The king dies shortly after their return to the city. The new queen, Ysandre, sends them on a mission to nearby Alba, where the old Cruarch has been overthrown and Drustan mab Necthana, Ysandre's betrothed, is in hiding. Phèdre and Joscelin must help restore Drustan to the Alban throne and beg his aid in defending Terre d'Ange. It is a painfully slow process. By the time they return to Terre d'Ange the Skaldic invasion is in full force and the bulk of the D'Angeline army has retreated to a stronghold.
In a climactic final battle, heroes are made and the realm is saved. Melisande Shahrizai, mastermind of the whole scheme, is taken into custody and sentenced to death for treason. But she escapes before her dawn execution.
At the end of Dart, Phèdre has retired to her inherited country estate with Joscelin. They spend just over a year in quiet happiness, before a friend arrives with a mysterious package. As Chosen begins, Phèdre decides to return to the City of Elua and re-enter the Service of Namaah, believing she will be able to discover the whereabouts of Melisande Shahrizai.
Eventually, Phèdre comes to the conclusion that she must travel to La Serenissima in Caerdicca Unitas to continue her search. Accompanied by Joscelin and her three chevaliers, she sails their, acquaints herself with the ruling Stregazza family and seeks an audience with Prince Benedicte, Queen Ysandre's uncle.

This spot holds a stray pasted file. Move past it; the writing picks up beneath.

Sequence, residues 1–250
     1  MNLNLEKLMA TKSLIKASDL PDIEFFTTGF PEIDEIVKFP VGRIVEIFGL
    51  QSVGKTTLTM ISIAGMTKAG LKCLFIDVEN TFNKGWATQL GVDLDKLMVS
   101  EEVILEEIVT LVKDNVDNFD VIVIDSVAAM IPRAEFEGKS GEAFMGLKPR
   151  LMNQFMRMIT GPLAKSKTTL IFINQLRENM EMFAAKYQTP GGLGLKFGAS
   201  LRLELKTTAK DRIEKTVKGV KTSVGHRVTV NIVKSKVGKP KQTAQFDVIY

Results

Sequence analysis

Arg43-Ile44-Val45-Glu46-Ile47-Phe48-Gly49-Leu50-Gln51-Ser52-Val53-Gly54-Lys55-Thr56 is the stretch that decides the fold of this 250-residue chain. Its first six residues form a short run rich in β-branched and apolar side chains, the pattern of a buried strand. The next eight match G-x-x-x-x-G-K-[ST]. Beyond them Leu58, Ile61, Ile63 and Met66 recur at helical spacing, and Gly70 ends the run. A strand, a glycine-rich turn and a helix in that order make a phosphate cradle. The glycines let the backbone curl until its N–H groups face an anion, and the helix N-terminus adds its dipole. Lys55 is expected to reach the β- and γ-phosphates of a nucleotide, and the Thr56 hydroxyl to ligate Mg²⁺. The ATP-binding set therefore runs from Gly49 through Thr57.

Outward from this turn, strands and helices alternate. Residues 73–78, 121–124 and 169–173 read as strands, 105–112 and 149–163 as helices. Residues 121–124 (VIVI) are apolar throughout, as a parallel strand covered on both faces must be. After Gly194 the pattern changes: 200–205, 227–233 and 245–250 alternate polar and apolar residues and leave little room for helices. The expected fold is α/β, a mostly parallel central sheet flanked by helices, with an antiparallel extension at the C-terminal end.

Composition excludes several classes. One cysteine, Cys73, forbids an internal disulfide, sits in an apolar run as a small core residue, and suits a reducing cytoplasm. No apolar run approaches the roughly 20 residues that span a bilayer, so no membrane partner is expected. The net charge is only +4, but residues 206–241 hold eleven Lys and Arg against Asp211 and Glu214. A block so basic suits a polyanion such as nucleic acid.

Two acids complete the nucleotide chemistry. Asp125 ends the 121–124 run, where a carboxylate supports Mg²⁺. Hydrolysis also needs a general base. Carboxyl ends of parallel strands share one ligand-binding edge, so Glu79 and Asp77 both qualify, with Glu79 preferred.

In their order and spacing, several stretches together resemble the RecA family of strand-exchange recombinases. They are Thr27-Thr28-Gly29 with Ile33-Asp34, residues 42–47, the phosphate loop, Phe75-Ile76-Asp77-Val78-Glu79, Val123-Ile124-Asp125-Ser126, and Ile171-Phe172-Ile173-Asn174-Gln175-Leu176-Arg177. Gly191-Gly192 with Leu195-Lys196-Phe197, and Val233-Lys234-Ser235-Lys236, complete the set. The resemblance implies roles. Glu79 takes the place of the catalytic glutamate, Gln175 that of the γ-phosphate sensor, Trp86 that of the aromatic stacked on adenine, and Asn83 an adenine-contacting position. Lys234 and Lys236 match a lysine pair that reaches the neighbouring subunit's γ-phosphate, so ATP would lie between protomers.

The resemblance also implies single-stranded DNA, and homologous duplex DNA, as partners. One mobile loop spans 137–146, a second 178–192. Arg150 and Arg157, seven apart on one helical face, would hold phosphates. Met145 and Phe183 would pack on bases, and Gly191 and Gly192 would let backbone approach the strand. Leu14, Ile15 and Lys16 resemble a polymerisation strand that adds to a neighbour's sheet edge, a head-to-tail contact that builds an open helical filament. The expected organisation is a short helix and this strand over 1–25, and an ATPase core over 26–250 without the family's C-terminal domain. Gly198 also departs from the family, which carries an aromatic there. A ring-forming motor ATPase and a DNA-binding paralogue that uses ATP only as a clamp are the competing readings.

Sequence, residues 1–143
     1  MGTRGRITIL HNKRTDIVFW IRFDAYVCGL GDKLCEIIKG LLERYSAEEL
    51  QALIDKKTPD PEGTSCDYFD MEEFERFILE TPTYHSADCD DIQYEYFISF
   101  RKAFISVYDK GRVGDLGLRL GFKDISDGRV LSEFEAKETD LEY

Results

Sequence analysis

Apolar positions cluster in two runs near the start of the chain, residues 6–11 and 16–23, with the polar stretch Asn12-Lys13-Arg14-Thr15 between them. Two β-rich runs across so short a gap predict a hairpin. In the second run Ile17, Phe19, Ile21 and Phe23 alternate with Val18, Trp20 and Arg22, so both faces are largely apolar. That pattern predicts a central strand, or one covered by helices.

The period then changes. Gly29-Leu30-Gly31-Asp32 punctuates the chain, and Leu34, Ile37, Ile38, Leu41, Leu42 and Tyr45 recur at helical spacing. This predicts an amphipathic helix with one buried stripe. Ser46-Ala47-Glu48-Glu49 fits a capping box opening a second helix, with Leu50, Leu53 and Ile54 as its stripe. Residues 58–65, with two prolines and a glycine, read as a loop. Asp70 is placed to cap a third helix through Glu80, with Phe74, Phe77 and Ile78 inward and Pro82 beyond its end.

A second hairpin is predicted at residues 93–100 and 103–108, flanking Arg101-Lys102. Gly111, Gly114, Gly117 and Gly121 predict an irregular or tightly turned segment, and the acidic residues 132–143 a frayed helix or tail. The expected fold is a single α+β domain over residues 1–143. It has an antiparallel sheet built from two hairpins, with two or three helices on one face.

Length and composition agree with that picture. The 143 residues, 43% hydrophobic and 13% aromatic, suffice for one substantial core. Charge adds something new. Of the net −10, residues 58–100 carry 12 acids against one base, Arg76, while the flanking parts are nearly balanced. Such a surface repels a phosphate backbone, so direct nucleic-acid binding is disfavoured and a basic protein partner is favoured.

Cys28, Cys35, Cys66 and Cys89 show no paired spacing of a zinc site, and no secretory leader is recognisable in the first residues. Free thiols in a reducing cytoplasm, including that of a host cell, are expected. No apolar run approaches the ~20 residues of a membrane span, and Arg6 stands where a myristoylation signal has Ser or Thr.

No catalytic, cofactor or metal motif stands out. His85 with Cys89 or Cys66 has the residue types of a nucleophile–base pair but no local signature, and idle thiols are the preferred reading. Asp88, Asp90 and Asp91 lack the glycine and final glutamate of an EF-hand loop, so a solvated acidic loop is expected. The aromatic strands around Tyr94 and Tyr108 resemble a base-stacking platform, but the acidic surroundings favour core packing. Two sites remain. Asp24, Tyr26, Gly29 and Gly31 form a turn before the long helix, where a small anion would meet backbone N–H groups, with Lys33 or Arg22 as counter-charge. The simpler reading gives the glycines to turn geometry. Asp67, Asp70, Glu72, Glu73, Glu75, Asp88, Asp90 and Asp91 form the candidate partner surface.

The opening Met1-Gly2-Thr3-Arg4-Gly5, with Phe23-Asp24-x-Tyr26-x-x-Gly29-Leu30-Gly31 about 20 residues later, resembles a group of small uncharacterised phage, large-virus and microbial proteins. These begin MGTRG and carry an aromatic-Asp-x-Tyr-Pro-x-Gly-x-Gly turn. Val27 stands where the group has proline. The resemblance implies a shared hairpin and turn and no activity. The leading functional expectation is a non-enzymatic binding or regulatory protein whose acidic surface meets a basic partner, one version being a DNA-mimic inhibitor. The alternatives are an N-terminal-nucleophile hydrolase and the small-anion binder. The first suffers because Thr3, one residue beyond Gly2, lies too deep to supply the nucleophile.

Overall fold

Melisande is found in the most unbelievable place, and upon finding her Phèdre is imprisoned. She is left alone with her thoughts and knowledge of a plot to murder the heirless Ysandre so that Benedicte's son can inherit the throne. Phèdre waits in a desolate island prison cell thinking no one knows her fate. An insane rescue attempt by Joscelin results in her being lost at sea, and there her adventures truly begin.
Phèdre is rescued by pirates, who then hold her for ransom. She is desperate to get back to Terre d'Ange to prevent the murder of her queen. The ransom demand is met, but when the switch is set up the pirates realise they have been duped by the Serenissimans and back out of the deal, taking Phèdre with them. They make for their home of Epidauro, but are pursued. The pirates are then caught up in a storm and blown off course. They finally land on Kriti, from where Phèdre is finally able to send word to Terre d'Ange; while fearing she may be too late.
In the end the pirates come to her aid, returning her to La Serenissima to try to prevent the assassination of Ysandre, who has travelled there to renew diplomatic ties with the new ruler.